A POSTMAN lived with a tiny traffic cone lodged in his lung for 40 years after inhaling it as a child.

Paul Baxter, who works at the Royal Mail Delivery Office in Blackburn, inhaled the Playmobil cone which was part of a police traffic set he received as a seventh birthday present.

The dad-of-two was referred to hospital after complaining of a persistent cough with doctors fearing he had cancer after a dark mass was found on his chest.

It was on the operating table at Royal Preston Hospital that doctors discovered the cone which the 50-year-old cannot remember inhaling.

He said: "Kids eat things and I obviously chewed on my toys. But I can't even remember swallowing it to be honest.

"I have been told that I must have inhaled it for it to go into my windpipe.

"If I had swallowed it, it would have gone into my stomach and out the other end."

Paul was referred to Royal Preston Hospital for a bronchoscopy - where doctors sent a camera into his lungs - to see if they could find what was causing the niggling cough.

Paul, who lives Croston with his wife Helen, 46, said: "Doctors said they could see something orange down my throat but didn't know what it was.

"The operation was under local anesthetic and when they removed the cone in the theatre it was hilarious, everyone in the room just laughed.

"It has come out in perfect working order, you can even still see the markings."

There was a chance for the toy to find the light of day when Paul was admitted to hospital with a bout of pneumonia more than 20 years ago, but it was never spotted.

And again in 2004 when Paul had a full body MRI scan when he had a brain abscess.

Paul said: "When I was 18 I had pneumonia and I was in hospital for two weeks and even then doctors never picked it up on the x-rays that were taken."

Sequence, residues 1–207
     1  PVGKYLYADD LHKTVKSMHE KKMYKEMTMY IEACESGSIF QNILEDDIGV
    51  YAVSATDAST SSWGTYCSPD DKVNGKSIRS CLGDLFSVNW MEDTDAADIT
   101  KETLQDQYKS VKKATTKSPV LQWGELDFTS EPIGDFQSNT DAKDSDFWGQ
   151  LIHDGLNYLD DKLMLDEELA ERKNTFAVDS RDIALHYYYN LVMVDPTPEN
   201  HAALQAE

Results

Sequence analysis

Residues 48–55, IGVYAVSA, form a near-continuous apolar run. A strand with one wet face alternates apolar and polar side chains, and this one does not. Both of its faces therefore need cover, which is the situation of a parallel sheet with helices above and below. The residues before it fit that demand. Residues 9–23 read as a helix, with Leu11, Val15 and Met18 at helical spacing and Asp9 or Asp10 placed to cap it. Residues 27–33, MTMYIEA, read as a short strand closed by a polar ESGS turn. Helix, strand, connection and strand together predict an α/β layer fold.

The doctor presented the cone to Paul and he's now kept it as a souvenir of his ordeal.

He said: "I thought it was just a normal chest infection. I wasn't aware of how serious it could have been."

Experts said it's likely he went symptomless for so long because of how young he was when he ingested the toy, suggesting that as he grew older, his airways adapted around the foreign object.

Dr Mohammed Munavvar, has been a doctor for 30 years, was the man who discovered the tiny toy.

He said: "I have never come across something quite this extraordinary before. There have been one or two other things but nothing quite like this."

At first, Dr Munavvar feared the worst, with Paul being a former smoker and having been coughing up yellow mucus for months.

"There was concern about something more serious underlying the problem Paul was experiencing," Dr Munavvar said.

"It was honestly a full on surprise when I saw what the blockage actually was."

The operation took place in 2015 but came to light recently when it was written about in a BMJ Case Reports medical journal.